Logging at scale with canonical log lines

Logging at scale with canonical log lines

5 mins read

22 September, 2023
Boris Tane
Founder @Baselime
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I was introduced to the concept of canonical log lines (also called wide events or service logs) when I read this article from the Stripe Blog. It had an impact. I’ve changed my approach to logs since.

It’s a simple, yet powerful concept: in addition to your conventional logs, you add a single log line at the end of every request that includes all the key vitals of the request, from the request method to the status code of the response, including the request ID, user ID and details of the database calls.

This enables you to efficiently identify outliers and the common characteristics of failed requests. It works so well, I’ve been using them everywhere I can since then.

Why are canonical log lines so powerful?

If you’re already doing structured logging (and you should) you must already have all the details about a request sprinkled across multiple log lines. It usually looks like the code block below.

// Pseudo-code
async function handler(req, res, next) {
    try {
        console.log("Request", JSON.stringify(req));
        const { data, duration } = await database.get();
        console.log("Database", JSON.stringify({ data, duration }));
        const response = {
            data: data,
        console.log("Response", JSON.stringify(response));
    } catch(error) {
        console.log("There was an error", error);

With this setup, you’ll get 3 log lines with the details of the request, the details of the database call, and the details of the response (or error). Once you get the unique request ID of this specific request, it’s possible to view all the logs sequentially and figure out why a specific behaviour occurred.

However, it’s impossible to answer any questions where the answers are spread across multiple log lines, for example:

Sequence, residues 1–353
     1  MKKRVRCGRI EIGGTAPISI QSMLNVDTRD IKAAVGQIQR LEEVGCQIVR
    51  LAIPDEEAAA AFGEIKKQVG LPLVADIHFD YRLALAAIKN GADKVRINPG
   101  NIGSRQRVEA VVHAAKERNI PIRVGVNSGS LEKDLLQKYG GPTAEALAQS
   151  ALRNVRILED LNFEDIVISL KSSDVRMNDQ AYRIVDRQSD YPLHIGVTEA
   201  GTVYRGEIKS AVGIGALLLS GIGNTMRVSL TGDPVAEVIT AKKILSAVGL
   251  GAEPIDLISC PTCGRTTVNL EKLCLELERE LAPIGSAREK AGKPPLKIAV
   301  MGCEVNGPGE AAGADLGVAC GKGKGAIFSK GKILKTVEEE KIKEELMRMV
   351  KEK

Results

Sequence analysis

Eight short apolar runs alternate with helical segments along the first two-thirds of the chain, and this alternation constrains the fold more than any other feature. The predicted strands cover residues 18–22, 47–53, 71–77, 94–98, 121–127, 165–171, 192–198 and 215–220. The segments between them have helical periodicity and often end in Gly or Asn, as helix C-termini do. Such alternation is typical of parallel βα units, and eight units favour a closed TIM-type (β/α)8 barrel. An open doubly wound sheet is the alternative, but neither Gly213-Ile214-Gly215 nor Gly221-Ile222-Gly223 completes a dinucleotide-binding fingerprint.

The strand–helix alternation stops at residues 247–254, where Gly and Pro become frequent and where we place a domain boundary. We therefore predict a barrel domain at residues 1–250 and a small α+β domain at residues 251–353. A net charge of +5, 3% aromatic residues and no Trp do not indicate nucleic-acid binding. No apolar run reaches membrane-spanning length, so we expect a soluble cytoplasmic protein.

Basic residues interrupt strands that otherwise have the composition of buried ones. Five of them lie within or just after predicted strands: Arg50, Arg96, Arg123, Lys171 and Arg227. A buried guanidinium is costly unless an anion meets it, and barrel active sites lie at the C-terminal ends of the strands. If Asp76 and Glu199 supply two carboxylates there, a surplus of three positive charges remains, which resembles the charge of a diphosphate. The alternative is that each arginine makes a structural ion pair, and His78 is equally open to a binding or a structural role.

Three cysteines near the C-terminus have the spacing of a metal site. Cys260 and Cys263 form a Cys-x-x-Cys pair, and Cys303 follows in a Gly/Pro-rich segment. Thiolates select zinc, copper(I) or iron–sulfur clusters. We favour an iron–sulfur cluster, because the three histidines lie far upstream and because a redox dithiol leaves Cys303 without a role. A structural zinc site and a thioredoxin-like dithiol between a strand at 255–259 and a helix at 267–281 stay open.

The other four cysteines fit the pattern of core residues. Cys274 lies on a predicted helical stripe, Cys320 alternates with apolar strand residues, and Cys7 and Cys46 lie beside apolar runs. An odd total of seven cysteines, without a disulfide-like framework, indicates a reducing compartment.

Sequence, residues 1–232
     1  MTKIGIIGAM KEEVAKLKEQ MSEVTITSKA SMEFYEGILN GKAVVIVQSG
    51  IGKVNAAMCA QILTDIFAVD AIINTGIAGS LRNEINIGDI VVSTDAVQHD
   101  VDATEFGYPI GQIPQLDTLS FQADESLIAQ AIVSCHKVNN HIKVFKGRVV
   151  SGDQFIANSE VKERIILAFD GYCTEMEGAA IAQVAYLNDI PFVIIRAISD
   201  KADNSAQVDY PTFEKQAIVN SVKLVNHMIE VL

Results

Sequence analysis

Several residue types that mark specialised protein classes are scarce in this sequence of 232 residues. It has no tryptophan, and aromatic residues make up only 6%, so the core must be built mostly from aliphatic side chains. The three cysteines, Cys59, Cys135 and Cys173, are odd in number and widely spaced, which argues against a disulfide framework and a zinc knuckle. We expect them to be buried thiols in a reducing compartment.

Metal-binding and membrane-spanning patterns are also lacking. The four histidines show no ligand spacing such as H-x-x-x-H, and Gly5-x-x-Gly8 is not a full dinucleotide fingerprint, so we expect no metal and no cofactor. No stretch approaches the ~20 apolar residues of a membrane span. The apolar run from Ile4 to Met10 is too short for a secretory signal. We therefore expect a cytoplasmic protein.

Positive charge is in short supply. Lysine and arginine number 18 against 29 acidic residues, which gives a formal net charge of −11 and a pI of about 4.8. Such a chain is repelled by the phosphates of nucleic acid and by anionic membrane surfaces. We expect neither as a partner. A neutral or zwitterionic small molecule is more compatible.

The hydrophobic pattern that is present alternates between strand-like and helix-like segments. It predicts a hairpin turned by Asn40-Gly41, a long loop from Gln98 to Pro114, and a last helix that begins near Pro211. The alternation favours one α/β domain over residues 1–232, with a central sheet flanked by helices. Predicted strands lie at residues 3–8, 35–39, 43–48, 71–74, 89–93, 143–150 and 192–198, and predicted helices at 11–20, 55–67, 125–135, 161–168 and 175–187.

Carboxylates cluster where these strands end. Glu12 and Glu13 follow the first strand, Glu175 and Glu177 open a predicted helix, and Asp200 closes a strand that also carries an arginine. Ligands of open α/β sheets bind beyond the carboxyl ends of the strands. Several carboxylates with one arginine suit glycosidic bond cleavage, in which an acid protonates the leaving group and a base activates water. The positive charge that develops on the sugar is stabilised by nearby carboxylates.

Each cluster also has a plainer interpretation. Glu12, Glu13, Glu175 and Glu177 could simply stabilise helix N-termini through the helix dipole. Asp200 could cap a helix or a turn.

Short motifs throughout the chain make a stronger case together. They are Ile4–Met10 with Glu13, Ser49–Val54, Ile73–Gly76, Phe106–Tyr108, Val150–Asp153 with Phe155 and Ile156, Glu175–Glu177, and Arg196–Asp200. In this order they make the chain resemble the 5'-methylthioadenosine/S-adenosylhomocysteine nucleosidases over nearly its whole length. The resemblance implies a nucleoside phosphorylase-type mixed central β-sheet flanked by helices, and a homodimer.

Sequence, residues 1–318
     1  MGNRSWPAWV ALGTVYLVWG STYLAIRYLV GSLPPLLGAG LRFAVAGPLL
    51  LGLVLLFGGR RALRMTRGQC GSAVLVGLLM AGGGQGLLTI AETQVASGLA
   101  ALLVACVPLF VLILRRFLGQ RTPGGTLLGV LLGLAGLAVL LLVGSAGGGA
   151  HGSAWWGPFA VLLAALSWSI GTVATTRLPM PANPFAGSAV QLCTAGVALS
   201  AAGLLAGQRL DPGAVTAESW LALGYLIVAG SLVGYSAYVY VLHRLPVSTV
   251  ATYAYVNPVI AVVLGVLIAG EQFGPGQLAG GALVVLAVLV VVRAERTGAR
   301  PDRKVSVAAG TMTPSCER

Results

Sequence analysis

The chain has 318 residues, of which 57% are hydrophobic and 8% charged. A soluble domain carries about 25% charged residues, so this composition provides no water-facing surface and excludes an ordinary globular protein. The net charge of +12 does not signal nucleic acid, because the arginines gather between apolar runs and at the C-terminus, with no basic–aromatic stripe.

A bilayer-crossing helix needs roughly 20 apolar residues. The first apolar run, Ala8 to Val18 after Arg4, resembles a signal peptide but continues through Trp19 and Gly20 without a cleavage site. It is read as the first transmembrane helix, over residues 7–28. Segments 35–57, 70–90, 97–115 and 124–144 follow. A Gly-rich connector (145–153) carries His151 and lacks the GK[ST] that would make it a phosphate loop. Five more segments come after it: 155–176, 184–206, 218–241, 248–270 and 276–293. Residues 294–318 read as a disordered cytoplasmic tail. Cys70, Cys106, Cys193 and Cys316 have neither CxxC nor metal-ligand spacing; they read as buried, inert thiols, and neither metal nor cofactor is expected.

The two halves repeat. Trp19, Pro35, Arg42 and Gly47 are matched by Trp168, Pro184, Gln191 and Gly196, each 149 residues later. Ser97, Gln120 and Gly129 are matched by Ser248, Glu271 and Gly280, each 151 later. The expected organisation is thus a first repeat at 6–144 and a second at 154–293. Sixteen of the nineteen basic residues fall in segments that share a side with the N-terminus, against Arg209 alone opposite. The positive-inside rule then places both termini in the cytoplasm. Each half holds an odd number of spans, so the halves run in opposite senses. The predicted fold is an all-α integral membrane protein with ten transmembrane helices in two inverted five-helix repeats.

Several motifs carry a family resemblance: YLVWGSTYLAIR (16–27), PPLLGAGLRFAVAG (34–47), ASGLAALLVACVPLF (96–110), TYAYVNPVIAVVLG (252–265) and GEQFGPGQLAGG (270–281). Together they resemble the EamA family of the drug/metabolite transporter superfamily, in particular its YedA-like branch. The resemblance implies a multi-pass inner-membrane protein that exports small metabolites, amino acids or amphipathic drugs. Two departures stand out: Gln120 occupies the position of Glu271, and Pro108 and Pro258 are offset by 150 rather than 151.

• Which paths are failing the most?
  • Is this user experiencing more failures than others?
  • Is there a correlation between database latency and errors?

This is where canonical log lines shine, I’d argue they’re borderline magical. In addition to all the existing logs, add a single log at the end of the execution that summarizes the key telemetry data about the request. These log lines are still human-readable, provide the full picture of a single request, and are easy to aggregate by your logs processor. For example:

    "message": "Canonical POST /users",
    "id": "f8ddb912-3da6-4050-82bd-6bb7a8587cd9",
    "durationMS": 326,
    "request": {
    "http": {
        "method": "POST",
        "path": "/users",
        "user": "5703383e-c2d8-4f72-b7d2-ab7e3d9d4e00"
    "response": {
        "status": "200"
    "database": {
        "numCalls": 6,
        "numFailures": 1

Putting all the important telemetry data in a single log line makes it easy for everyone to query for answers, without the need for complex joins or manual piecing of things together with request IDs, especially during production outages. This is particularly useful when you know something is wrong (a high number of support requests) but not quite what or where yet. You can quickly query this data with multiple filters and group by’s to identify the source of the issue.